The Iranian regime’s woes aren’t limited to domestic issues only. The popularity of the Islamic Republic among Shias in the Arab World has also declined steeply in recent years. There is widespread public discontent with Iran’s policies in countries such as Iraq and Syria. In Iraq, the Iranian regime has undermined Baghdad’s sovereignty, hampered the country’s economic progress, and repeatedly attempted to blackmail the Iraqi state with initiatives like supplying it with electricity which can potentially be used as leverage if Iraqi support for Iran declines. Recent demonstrations—in the formerly loyal Iraqi bastions of Basra, Najaf, and Baghdad—were attended by thousands demanding that Iran stops meddling in Iraq’s internal affairs. Senior Iraqi officials have tried to break free from Tehran’s orbit with little success.
Baghdad’s relationship with Tehran has complicated its relationship with its Arab neighbors. The Gulf states have rejected Iran’s calls for improved relations. During the past few years, Tehran has firmly believed that improved relations with the West would force its neighbors, to reconsider their antagonistic relations with it, especially under President Hassan Rouhani’s nominally moderate government. This has been in hope of repeating Tehran’s largely positive relationship with the Gulf states under President Mohammad Khatami during 1997 to 2005. The Gulf states have rejected diplomatic exchanges with Iran without any change in its interventionist policies. They have demanded that Tehran stops interfering in their internal affairs, and withdraws its Shia militias in Iraq and Syria before any normalization can begin.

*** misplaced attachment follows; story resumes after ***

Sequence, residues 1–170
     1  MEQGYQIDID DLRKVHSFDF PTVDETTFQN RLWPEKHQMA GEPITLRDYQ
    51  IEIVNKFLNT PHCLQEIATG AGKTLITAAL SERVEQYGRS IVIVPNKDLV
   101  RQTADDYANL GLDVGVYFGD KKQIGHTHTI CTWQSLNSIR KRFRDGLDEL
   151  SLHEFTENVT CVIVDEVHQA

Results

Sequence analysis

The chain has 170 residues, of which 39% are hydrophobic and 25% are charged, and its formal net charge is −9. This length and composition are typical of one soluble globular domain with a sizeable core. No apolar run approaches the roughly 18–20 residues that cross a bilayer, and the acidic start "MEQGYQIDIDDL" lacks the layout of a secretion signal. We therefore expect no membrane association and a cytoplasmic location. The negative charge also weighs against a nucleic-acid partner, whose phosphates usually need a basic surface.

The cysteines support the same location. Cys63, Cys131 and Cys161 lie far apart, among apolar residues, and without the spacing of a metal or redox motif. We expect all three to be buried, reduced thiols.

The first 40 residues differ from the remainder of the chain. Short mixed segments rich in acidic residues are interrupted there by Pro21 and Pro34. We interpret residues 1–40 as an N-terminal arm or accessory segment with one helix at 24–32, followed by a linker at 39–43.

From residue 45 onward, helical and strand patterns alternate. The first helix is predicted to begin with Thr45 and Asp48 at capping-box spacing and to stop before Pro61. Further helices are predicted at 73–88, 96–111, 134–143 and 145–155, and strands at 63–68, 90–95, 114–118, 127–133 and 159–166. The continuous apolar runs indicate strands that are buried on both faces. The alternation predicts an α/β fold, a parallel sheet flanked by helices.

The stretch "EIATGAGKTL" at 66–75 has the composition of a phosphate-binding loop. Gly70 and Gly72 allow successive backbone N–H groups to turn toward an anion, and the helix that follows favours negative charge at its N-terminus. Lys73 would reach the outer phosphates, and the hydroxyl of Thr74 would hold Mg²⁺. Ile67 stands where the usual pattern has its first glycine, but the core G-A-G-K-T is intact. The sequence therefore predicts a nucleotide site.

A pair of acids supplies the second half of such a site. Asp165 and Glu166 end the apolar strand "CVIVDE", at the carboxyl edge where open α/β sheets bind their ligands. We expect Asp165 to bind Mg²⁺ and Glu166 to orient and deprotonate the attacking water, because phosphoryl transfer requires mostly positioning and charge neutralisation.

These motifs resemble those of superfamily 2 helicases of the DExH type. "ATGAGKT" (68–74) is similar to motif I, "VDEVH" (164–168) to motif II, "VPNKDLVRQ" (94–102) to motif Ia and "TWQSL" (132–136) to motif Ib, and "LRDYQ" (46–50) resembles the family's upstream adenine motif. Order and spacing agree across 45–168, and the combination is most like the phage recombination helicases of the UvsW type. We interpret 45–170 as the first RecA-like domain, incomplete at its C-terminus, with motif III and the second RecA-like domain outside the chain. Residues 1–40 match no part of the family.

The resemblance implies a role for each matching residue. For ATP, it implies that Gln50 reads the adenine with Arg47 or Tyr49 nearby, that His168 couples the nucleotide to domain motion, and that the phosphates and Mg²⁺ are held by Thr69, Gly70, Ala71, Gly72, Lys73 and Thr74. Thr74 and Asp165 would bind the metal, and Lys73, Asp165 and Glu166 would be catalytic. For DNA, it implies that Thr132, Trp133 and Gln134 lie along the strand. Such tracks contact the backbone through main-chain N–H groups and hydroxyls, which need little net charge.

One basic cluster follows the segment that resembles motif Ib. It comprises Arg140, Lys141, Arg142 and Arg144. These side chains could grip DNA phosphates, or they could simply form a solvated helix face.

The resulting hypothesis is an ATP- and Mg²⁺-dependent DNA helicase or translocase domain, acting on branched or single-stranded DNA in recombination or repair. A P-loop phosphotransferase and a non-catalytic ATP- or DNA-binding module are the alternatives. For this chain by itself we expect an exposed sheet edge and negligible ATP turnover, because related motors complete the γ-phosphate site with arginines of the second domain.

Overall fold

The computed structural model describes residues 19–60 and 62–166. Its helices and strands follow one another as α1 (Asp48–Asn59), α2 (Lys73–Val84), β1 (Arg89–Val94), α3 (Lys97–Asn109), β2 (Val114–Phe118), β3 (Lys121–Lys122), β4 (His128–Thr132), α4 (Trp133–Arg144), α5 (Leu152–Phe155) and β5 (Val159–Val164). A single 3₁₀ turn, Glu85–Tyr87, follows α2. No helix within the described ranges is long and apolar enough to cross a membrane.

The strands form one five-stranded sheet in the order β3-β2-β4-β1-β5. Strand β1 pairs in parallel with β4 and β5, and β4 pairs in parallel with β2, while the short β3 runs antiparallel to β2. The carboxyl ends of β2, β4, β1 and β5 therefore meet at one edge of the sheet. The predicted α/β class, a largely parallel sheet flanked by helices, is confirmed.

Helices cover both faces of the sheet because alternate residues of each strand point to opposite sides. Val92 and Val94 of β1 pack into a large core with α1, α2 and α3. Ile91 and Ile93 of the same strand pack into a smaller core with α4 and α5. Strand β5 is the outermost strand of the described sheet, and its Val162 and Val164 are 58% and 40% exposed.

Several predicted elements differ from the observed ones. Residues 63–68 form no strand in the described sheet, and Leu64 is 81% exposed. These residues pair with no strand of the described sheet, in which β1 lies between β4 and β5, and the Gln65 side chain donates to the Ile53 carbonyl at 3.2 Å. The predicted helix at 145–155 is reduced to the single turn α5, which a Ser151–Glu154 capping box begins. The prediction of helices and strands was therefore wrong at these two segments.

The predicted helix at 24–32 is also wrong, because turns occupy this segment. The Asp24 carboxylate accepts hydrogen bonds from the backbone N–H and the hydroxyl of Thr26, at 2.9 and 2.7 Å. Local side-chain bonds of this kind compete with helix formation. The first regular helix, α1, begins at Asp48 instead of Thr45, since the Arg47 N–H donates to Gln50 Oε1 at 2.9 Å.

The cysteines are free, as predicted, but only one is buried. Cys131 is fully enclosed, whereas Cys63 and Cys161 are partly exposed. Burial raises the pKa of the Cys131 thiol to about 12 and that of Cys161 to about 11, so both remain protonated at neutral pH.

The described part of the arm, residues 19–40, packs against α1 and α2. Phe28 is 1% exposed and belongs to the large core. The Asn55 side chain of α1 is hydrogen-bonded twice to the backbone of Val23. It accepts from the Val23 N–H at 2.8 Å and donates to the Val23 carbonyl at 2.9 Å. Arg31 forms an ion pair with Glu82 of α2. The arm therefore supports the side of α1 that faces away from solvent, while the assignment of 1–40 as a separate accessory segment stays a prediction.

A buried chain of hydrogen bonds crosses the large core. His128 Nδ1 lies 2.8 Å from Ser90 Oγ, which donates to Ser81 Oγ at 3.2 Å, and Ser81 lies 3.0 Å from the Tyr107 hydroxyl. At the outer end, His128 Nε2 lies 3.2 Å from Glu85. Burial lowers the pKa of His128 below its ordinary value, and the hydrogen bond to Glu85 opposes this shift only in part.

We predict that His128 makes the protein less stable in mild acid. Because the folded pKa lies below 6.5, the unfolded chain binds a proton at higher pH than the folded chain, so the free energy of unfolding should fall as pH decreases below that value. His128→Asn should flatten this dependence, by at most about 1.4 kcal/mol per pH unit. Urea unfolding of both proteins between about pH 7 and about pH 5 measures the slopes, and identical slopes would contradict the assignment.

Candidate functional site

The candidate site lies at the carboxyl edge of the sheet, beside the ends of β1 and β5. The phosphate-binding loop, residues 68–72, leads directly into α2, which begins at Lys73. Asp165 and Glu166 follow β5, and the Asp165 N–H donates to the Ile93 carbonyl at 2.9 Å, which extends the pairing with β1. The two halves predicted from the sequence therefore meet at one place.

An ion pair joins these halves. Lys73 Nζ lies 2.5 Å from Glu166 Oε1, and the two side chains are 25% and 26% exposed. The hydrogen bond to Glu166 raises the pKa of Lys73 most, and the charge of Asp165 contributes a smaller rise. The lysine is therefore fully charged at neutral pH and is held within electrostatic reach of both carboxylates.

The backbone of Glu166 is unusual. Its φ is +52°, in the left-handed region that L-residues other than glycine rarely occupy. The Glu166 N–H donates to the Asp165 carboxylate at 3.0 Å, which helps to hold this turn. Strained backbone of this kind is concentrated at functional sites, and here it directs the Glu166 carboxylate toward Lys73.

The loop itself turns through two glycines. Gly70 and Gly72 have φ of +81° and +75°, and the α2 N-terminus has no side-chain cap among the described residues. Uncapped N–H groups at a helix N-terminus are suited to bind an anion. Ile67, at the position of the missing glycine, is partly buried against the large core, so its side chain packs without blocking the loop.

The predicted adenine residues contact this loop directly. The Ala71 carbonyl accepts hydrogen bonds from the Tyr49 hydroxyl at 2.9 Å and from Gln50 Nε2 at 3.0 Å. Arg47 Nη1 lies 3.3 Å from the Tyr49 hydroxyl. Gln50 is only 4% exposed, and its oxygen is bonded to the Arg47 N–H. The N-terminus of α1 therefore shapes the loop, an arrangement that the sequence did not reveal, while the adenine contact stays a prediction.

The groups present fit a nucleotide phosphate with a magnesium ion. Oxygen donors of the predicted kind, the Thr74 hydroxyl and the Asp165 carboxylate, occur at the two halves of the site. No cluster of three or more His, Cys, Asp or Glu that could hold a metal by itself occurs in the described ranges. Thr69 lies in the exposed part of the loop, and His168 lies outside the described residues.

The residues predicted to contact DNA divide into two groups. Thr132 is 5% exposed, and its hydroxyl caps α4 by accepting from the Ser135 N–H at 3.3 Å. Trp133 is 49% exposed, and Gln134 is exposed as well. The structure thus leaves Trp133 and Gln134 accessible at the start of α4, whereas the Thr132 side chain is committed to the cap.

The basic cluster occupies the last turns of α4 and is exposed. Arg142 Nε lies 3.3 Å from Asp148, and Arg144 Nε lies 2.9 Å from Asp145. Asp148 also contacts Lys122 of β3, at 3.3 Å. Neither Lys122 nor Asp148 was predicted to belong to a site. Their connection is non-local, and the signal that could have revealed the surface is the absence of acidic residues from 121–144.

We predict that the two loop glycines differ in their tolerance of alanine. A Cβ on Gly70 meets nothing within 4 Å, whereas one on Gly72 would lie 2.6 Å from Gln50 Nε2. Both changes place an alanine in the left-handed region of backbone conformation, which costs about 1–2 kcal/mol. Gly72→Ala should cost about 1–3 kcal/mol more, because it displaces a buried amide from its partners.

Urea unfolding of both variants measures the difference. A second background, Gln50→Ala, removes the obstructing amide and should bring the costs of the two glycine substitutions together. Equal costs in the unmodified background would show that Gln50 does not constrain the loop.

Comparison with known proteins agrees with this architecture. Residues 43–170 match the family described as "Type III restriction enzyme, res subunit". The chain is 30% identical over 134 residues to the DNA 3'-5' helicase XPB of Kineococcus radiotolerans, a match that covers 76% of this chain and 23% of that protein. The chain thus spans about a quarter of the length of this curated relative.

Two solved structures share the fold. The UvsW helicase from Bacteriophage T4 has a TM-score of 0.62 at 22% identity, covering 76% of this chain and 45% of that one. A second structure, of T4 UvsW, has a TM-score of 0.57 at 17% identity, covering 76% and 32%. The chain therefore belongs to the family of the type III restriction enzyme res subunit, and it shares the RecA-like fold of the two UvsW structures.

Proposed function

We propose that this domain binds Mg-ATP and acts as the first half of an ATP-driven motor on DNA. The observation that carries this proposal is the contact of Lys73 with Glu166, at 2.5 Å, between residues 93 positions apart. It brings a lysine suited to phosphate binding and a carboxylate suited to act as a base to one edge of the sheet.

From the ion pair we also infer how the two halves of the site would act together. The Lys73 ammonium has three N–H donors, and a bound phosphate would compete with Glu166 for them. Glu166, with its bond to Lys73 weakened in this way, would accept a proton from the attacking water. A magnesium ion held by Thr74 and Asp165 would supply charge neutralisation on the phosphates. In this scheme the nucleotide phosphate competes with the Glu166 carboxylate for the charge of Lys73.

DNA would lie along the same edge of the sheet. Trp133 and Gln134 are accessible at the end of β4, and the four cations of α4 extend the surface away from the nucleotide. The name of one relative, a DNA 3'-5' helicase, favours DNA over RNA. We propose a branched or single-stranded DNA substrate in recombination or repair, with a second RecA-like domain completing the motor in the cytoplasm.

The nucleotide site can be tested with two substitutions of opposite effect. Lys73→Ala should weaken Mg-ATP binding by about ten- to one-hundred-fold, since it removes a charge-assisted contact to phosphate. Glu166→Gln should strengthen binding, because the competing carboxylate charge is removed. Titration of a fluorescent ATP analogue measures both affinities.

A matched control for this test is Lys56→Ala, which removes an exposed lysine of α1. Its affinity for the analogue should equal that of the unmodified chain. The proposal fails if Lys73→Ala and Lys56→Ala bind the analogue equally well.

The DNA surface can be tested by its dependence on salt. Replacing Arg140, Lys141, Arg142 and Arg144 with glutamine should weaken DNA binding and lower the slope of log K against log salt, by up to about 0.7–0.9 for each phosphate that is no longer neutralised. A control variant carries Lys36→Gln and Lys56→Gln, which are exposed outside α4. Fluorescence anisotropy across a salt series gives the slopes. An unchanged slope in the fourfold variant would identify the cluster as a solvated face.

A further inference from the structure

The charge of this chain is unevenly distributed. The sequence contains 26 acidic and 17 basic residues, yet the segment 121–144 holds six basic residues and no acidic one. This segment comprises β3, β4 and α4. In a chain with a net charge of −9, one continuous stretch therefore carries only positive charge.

Despite Iran’s adept use of strategic gamesmanship and diplomatic tightrope-walking, the risk of failure in its regional geopolitical chess game is high, along with the odds of falling into the abyss from its metaphorical tightrope. The regime faces not only regional and global pressure from the United States and other powers, but rising public anger, and increasing religious and sectarian tensions inside the country.